Guides & Stuff!

Shooting for the Stars: Canon EF 75-300mm Zoom Lens

07/11/2016 // 11 Comments

  Fall in line, trooper! Are you going to cry? Or is that the stellar glimmer of hope shining within your squinting eye? Tuck in your shirt, stand up straight and grab your standard issue Canon EF 75-300mm zoom lens! I’ll see you on the training grounds.   Canon’s EF 75-300mm is a popular lens of choice these days, especially among young soldiers becoming indoctrinated in the art of DSLR photography. This long-range kit lens may come bundled within specialized camera boxes—if you’re willing to exchange your blood, sweat, and tears into monetary [Click Here To Read Article...]

Shooting for Venus: A Perspective on Planetary Photography

11/13/2013 // 0 Comments

  Venus is the goddess of beauty, so it’s only natural that you want photograph her. Oh. Wait. We’re talking about the planet. Nevermind. Venus (the planet) is a -4.6 magnitude object, and it’s about 18x brighter than Sirius, which is the brightest star in the night sky! In other words…Venus is pretty damn bright! and that also means it’s not difficult to photograph Venus. Any manual control camera will do the job. Crop or full sensor DSLR will be the most versatile option. Prime focus astrophotography is also a viable option.   ** Rough Exposure Guide [Click Here To Read Article...]

Shooting for the Stars: Canon EF 18-55mm (Kit lens)

10/22/2013 // 9 Comments

(Be sure to check out: Part 2, Part 3, Focusing Stars, and more!!!) It has a bad reputation. Considered bottom of the barrel. A piece of shit. But is this truly the case? If this lens really the bane of all photographers? The answer is no. Not only no, but a hell no! I know this is the case, because well…I own the lens. AND used it. Safe to say; I have a thing or two to say about it. Firsts things first. Lets discuss the mechanical quality. I believe this lens draws much of its ire from its lightweight construction. Usually when I used the term lightweight its in a positive manner. Not [Click Here To Read Article...]

Shooting for the Stars: Canon EF 24mm Prime

10/15/2013 // 0 Comments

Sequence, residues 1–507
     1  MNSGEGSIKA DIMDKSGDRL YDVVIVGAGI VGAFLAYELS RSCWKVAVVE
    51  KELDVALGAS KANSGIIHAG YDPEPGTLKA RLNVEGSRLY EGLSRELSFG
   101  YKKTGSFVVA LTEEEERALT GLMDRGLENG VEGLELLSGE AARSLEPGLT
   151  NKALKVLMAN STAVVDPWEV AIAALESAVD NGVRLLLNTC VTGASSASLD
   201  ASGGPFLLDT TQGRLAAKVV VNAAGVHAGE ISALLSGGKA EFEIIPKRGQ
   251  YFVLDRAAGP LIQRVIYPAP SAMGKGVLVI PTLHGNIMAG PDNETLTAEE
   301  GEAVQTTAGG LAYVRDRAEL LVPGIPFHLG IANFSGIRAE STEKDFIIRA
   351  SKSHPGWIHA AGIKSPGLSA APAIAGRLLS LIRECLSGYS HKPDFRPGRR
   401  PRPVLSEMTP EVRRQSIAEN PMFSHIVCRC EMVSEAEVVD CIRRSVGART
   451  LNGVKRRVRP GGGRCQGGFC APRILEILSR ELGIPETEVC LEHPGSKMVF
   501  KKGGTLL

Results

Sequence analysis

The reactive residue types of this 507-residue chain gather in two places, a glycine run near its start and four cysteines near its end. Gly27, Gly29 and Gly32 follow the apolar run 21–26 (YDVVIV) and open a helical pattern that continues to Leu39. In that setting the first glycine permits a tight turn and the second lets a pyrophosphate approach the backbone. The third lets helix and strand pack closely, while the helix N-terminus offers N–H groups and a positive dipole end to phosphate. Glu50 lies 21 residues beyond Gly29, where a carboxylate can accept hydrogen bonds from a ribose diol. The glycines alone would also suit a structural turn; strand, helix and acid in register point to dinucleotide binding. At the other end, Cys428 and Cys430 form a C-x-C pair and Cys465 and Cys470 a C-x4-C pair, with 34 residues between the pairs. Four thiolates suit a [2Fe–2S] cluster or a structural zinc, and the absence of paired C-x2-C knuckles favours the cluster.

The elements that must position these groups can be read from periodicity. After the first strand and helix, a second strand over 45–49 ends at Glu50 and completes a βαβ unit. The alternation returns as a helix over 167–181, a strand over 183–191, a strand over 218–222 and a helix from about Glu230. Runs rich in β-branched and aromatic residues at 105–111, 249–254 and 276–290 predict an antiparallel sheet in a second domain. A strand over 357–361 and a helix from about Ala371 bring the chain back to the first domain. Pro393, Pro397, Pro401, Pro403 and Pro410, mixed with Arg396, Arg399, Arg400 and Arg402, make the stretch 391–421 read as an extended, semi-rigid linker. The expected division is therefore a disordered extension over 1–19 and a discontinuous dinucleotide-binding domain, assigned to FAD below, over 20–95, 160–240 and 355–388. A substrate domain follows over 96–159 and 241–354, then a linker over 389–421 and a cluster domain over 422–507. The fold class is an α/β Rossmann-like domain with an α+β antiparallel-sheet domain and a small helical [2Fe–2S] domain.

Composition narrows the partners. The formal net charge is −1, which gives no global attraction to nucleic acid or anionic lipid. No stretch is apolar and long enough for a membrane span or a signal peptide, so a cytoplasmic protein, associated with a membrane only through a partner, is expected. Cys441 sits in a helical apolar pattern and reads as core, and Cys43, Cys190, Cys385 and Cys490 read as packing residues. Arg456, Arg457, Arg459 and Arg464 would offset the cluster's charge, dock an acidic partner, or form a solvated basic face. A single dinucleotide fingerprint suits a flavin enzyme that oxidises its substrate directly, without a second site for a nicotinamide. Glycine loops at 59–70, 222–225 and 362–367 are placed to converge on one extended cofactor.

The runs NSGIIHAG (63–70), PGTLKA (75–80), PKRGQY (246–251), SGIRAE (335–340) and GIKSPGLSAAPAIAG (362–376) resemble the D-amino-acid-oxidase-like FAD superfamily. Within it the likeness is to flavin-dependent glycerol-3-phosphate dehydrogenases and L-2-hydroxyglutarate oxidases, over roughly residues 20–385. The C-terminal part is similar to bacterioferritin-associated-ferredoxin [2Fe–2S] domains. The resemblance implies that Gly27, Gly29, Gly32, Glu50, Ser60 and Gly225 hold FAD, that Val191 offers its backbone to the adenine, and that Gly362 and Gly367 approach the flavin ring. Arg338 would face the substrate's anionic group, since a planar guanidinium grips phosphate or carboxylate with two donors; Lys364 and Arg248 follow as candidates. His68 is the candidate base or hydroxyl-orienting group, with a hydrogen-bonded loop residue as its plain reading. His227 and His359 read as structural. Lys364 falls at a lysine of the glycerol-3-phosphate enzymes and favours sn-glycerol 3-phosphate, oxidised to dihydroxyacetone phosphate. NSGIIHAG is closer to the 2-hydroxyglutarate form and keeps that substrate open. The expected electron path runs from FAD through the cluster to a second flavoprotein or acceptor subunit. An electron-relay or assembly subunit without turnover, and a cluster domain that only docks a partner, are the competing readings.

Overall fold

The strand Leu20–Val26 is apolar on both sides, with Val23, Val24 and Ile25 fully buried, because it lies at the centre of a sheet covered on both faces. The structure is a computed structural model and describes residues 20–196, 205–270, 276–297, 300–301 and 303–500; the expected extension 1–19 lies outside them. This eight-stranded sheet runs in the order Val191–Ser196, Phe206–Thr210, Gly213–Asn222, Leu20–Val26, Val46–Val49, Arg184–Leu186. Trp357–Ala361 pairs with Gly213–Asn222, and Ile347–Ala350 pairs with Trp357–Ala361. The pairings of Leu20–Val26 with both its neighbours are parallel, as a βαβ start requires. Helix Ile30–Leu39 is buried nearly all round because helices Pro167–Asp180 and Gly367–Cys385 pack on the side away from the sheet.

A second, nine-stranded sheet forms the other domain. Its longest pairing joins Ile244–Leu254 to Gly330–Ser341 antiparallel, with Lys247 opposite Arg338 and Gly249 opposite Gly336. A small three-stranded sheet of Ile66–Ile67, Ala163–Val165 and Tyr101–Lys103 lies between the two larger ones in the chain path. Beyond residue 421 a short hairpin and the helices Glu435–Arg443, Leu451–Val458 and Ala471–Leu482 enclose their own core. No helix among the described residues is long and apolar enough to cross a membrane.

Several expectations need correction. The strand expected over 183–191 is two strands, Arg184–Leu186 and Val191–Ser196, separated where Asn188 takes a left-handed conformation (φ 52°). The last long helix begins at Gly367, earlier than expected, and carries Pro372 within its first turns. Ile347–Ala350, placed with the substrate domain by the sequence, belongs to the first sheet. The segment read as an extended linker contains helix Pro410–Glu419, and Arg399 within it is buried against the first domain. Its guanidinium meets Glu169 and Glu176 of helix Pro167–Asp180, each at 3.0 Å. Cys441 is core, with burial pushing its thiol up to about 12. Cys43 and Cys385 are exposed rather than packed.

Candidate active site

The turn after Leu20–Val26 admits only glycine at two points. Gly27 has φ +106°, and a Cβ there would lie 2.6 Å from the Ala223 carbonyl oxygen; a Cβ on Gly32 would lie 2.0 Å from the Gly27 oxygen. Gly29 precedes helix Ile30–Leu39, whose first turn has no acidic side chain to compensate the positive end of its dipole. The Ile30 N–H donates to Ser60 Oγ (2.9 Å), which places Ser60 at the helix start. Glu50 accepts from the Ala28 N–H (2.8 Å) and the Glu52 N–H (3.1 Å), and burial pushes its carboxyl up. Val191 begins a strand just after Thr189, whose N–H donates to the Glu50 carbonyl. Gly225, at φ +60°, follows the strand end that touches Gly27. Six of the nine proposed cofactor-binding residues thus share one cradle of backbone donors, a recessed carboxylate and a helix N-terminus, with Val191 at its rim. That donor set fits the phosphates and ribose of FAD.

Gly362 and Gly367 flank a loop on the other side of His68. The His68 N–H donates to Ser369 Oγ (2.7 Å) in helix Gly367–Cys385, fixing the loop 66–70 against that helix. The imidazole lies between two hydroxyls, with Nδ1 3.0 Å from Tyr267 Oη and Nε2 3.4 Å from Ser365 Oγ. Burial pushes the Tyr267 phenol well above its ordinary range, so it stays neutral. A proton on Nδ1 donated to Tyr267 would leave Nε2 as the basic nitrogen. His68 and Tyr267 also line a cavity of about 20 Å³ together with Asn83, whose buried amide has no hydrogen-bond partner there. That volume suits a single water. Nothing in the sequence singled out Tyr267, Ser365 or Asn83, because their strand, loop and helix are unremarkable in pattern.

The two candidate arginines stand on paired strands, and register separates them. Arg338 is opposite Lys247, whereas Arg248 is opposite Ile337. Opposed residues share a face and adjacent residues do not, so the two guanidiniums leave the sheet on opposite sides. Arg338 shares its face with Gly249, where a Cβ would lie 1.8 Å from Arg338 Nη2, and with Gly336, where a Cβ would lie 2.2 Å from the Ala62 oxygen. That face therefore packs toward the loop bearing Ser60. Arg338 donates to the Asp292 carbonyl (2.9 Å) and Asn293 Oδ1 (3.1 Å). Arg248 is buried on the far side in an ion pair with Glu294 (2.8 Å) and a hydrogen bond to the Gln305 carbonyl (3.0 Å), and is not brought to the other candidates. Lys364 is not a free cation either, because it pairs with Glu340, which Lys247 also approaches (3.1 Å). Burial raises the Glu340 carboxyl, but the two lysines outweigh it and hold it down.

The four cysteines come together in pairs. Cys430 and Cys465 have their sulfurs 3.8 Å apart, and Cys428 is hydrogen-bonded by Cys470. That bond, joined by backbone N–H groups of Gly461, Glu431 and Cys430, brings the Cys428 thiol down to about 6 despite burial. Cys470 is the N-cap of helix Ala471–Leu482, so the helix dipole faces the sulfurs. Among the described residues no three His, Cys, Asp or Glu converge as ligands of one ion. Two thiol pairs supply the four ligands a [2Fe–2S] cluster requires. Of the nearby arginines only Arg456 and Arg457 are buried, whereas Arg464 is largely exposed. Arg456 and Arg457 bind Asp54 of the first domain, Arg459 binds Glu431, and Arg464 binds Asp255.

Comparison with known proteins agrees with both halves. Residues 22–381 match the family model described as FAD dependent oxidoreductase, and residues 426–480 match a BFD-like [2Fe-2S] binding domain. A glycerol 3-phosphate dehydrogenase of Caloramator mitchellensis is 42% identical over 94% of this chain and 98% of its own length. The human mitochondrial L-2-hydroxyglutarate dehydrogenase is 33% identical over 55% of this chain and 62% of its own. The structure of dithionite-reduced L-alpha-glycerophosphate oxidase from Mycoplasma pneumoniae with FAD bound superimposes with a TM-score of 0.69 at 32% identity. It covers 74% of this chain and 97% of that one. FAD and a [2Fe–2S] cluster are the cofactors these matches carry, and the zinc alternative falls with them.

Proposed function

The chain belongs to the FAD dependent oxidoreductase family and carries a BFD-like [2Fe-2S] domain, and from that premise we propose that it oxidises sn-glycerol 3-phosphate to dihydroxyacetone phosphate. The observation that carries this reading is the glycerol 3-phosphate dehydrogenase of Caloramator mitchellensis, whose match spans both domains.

Small, lightweight- yet image quality is crisp. I’m talkin’ about the Canon 24mm prime lens! This lens is coated to help combat ghosting and flaring, which is a plus when imaging a full moon or bright planet. Imaging near street lamps can induce flaring, despite this coating. Beware. Compared to the Canon 50mm Compact Macro, the chromatic aberration is not as apparent due to its shorter focal length. The angle of view is a comfortable 84°, which means large constellations fit inside the frame. Here are a few things to keep in mind when imaging the sky with this lens: Expose for [Click Here To Read Article...]

Shooting for the Stars: Canon Compact Macro 50mm

10/14/2013 // 3 Comments

A macro lens for shooting stars? I know. You think I’m crazy. I had my doubts as well. When I first acquired this lens, I reserved it only for the day, but surprisingly, it works quite well at night. Keep in mind, It’s not a requirement to have expensive lenses in order to capture the night sky. Chances are, if you own a DSLR, you already have one in your bag. Many people own a standard 50mm lens. If you’re one of these people, try using it. A prime 50mm lens is one of the cheapest on the market. Despite the price tag, they’re not as shitty as you may believe. These [Click Here To Read Article...]

How To Buy A Telescope: Part 2

06/29/2013 // 0 Comments

A Clear And Cosmic Future   Now that you made the decision to purchase a telescope—it’s time to consider your objective. What do you expect to get out of your experience? Do you feel like perusing the lunar terrain? Taking a peek at gaseous giants? Exploring the Milky Way? Splitting double-stars? Spying on spirals? Perhaps all of the above? Once you have an understanding of your astronomical expectations, then you have to find the right tool for the job. Any respectable telescope will reveal the surface of the Moon.  Yes…even Little Jimmy’s StarBlaster 5000. [Click Here To Read Article...]

How To Tell The Difference Between a Star And a Planet

06/28/2013 // 0 Comments

A Shining Imposter   Not every point of light in the night sky is a star. Sure. Some colorful points of lights are airplanes. Yeah. We all know that. But did you know it’s possible to see siblings of our solar system? Yes—it’s really possible to see planets. Twinkle, twinkle little star…blah blah blah…you know the rest. Something is responsible for a starlight’s restless wiggle. Or twinkle. That something is the comfortable (at least for the time being) atmosphere, which is saturated with many great things: nitrogen, oxygen, carbon dioxide, volcano puke, [Click Here To Read Article...]

How To Buy a Telescope: Part 1

06/19/2013 // 2 Comments

The Story of Little Jimmy It’s just another trip to S-Mart, the local big box store, as Jimmy and his mother patiently wait for the glass gate to slide open.  A gust of air howls, carrying with it the aroma of floor wax and commerce. At first, Jimmy thought the toy aisle offered nothing new.  That’s when he laid eyes on the StarBlaster 5000…a rectangular box…proudly boasting its abilities: Magnifies 500x Simple and easy to set up Tonight the universe is yours to behold!   Little Jimmy can’t help but gawk at the graphics…a purple galaxy…an odd planet adorned [Click Here To Read Article...]